Royal Enfield Super Meteor 650 Long Term Reports

When Royal Enfield offered us a long-term unit of the Super Meteor 650, I was in two minds. You see, it’s a brilliant motorcycle, the best from RE probably, so I definitely wanted to spend some time with it.

By Shivank Bhatt | on May 17, 2023 Follow us on Autox Google News
Long Term Report: May 2023 (End of Term)

Our cruise with the Royal Enfield Super Meteor has come to an end. We lived with it for over three months, and during that time I developed a sort of love-hate relationship with this motorcycle. So, here’s a quick summary of all the things that I love and loathe about RE’s heavyweight cruiser.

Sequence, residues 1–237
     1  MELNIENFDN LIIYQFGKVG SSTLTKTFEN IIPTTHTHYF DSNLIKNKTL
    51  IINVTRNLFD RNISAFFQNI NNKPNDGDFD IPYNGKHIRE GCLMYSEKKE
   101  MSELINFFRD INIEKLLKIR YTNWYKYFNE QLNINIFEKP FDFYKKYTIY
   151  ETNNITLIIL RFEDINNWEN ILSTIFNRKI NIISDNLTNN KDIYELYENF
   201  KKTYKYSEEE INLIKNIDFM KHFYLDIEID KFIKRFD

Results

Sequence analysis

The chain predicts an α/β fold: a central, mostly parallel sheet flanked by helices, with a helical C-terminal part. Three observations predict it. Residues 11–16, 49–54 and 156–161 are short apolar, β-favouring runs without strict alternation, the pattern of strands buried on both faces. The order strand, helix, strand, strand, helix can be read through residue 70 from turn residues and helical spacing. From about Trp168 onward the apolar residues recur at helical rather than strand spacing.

The 650cc twin engine first. It’s a stellar performer, period. We’ve experienced this very same powertrain in the Interceptor and Continental 650 earlier, but my personal view is that it works best in a super cruiser. The motor is supremely refined and offers punchy performance throughout the rev range. The mid-range kick is fantastic, addictive even. And, irrespective of the gear you’re in, it always pulls like a freight train. It is a mile-muncher in the true sense of the term. Also, despite being only a few kilos lighter than the moon, the Super Meteor, surprisingly, never feels heavy. Be it in traffic or on highways, it’s an easy and forgiving motorcycle to live with. In fact, it doesn’t feel out of its depth even when ridden within the confines of a city. And, finally, it’s quite a looker. Let’s now turn our attention to its flaws – and the biggest of them all is the stiff rear suspension. On short rides / commute, the ride quality is acceptable. However, tackling daily traffic isn’t what a super cruiser is meant to do. It’s made for the open road, and that’s where its firm setup rears its ugly head. If you hit a bump or go over expansion joints at high speeds, the suspension washes its hands of the matter. Plus, it’s not only that your spine takes a hit but also that it throws you off the saddle – or tries to, anyway. It can get a bit unnerving at highway speeds. There are some other niggles as well. The digital fuel gauge is imprecise – it goes from three bars to ‘reserve’ abruptly despite having enough fuel in the tank. In fact, this isn’t the first time that we have noticed this on an RE. Even the Interceptor, Hunter, and Meteor had this exact same issue. Very annoying, really.